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Church’s ministry to transients accepts coast-to-coast reputation

PENSACOLA, Fla. (BP)–Situated on the corner of one of Pensacola’s busiest highways, a mile from Interstate 10, is Olive Baptist Church. With its close proximity to the interstate, the Florida church has been frequented by transients for years.
When Jean Rae began serving as Olive’s director of social ministries, she realized the need of a ministry designed specifically for interstate transients.
Believing the church has a social duty, Rae was led to Hebrews 13:1-2, “Let the love of the brethren continue. Do not neglect to show hospitality to strangers, for by this some have entertained angels without knowing it.” With that in mind, Olive Baptist began “Interstate Angels” under Rae’s direction.
Now, after several months of operation, an average of 20 transients a month exit onto Davis Highway and head to the doors of Jean Rae’s office.
“I told our pastor, Dr. (Ted) Traylor, that I was known from California to Miami,” Rae said.
“Mrs. Jean,” as the transients call her, has earned a reputation for the nonjudgmental and loving attitude of acceptance she demonstrates.
“Everybody deserves a chance,” Rae said. “I can’t turn my back on anyone.”
Because word of Olive’s ministry has traveled by word of mouth down miles of interstate, the church never has to advertise it.
As transients enter Rae’s office they are asked to fill out an application, which asks for information in order to assess their needs. After reviewing the form, Rae meets with each applicant personally and listens attentively. “I generally ask them why they are on the road and [if] they understand that there is a better way to live,” Rae said.
She noted most of the men are alcoholics and some are mentally ill.
“This opens a door for me to say, ‘I just want you to know that God loves you and we love you too, no matter what you do,’” Rae stated.
After the assessment, the transient is offered a hot shower in the church’s family life facilities. Olive provides each individual with a personal hygiene bag and a food bag containing Vienna sausage, pork and beans, crackers, canned fruit, oatmeal cookies, raisins, fruit, juices, eating utensils and a religious tract. Rae has organized a food pantry specifically for the Interstate Angels ministry. She relies on volunteers to restock and make hygiene and food bags in advance. They also prepare family bags that supply enough food for a week, Rae said. Depending on the need, transients also may be given a voucher to be redeemed at a local grocery store, she said.
Various groups in Olive’s children’s ministry have taken an active role in Interstate Angels by decorating canned goods with handmade labels with phrases such as, “Jesus Loves You. He’ll Take Care of You.”
Olive also has a clothes closet filled with donated items which are given to the transients. Each transient receives two to four different sets of clothes.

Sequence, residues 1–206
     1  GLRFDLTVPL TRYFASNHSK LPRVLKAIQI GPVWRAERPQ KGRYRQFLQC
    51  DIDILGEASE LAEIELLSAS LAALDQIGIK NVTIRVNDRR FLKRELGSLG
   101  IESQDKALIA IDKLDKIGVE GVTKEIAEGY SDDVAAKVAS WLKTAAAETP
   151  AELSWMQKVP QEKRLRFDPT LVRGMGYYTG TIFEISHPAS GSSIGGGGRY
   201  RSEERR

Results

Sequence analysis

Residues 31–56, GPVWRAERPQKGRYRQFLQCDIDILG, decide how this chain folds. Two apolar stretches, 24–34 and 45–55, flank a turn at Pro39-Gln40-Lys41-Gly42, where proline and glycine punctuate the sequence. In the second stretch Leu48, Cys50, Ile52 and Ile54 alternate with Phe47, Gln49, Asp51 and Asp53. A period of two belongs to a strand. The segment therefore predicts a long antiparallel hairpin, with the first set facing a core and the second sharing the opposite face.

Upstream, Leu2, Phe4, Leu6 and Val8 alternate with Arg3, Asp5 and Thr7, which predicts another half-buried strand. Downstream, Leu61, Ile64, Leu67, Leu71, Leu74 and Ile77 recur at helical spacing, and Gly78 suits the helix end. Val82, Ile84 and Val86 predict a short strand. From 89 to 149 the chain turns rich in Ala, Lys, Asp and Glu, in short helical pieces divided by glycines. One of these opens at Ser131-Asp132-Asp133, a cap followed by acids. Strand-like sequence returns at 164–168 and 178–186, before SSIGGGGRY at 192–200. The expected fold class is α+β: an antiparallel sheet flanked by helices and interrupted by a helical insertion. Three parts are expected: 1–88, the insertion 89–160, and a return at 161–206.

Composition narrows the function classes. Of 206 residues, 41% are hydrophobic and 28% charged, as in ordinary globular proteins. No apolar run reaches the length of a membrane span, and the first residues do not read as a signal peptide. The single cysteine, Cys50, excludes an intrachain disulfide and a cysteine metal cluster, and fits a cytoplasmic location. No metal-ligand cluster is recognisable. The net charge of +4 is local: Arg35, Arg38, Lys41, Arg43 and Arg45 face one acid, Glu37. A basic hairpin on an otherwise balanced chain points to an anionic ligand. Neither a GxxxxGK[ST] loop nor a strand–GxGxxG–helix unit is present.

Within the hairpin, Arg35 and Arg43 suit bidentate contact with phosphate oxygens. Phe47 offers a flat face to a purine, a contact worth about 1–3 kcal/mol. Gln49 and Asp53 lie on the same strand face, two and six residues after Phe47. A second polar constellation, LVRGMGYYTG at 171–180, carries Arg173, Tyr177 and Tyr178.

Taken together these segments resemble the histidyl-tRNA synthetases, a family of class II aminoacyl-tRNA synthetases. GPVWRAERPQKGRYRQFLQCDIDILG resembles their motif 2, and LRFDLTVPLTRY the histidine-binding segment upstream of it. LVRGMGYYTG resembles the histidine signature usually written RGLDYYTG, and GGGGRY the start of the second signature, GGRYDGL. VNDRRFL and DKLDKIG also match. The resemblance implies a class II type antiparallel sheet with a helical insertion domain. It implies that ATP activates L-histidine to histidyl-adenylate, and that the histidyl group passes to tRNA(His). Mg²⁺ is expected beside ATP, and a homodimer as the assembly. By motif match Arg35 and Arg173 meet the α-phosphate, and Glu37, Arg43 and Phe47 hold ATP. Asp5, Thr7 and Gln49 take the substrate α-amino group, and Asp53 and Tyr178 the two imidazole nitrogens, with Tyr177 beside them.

“This ministry doesn’t cost anything,” Rae pointed out. “The food and clothing are donated by request and I have volunteers that help put it all together.”
A Bible is included in the bag of any transient who doesn’t already have one. But a lot of them have a Bible, Rae said, and many have read theirs a lot.
Bus tickets with the city transit system are given in some cases. In some situations, Olive will buy a one-way bus ticket if the person is willing to go home and if Rae can contact a family member who will be responsible for caring for them once they get there.
“We don’t have a lot of requests for being sent home. But as a mother of three boys, I typically recommend going home,” Rae said.
Not all the transients who enter Rae’s office take advantage of what Interstate Angels has to offer.
“I send most of them back on the street,” Rae said. “They have the ability to survive. This is a chosen lifestyle.
“For those who want to change their lives, we refer them to a drug and alcohol treatment program and find them a place to stay.”
Whenever possible Rae will do follow-up assessments with the ministry’s clients.
“I read the obituary column and felony arrest [column] every morning without fail,” she noted. “Sometimes that’s the only follow-up I can do.”
“Matt” (not his real name) came to Olive for help after eight days of hitchhiking from another state. He had slept the night before on the grassy slopes of I-10’s Davis Highway exit and had not eaten in two days. He had only the clothes on his back. Matt related he was a certified electrician who had been laid off and had come to Pensacola after hearing jobs were easy to get in Florida.
“I’ve been all over,” he said, “and have never seen a church respond to me like this.”
Matt, who was an alcoholic and drug addict, was seeking food, shelter and clothing, but he also agreed to go into an alcohol and drug rehabilitation program.
“It is time that I get my life straight and settle down,” he said. Rae called and arranged for Matt to bunk at a rescue mission and registered him in a rehab program it offers. As he and Rae waited for the taxi to pick him up, Rae looked at him and asked, “Are you ready to die?”
Matt replied, “No.”
“Then you need to change your life,” she responded.
Matt is one of the few who actually has taken a step toward change. But Rae sends each client back into the world with the knowledge of a better way.
“Every transient,” she said, “is a soul loved by God and worth saving.”

Cooper is a correspondent for the Florida Baptist Witness.

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  • Janet Little Cooper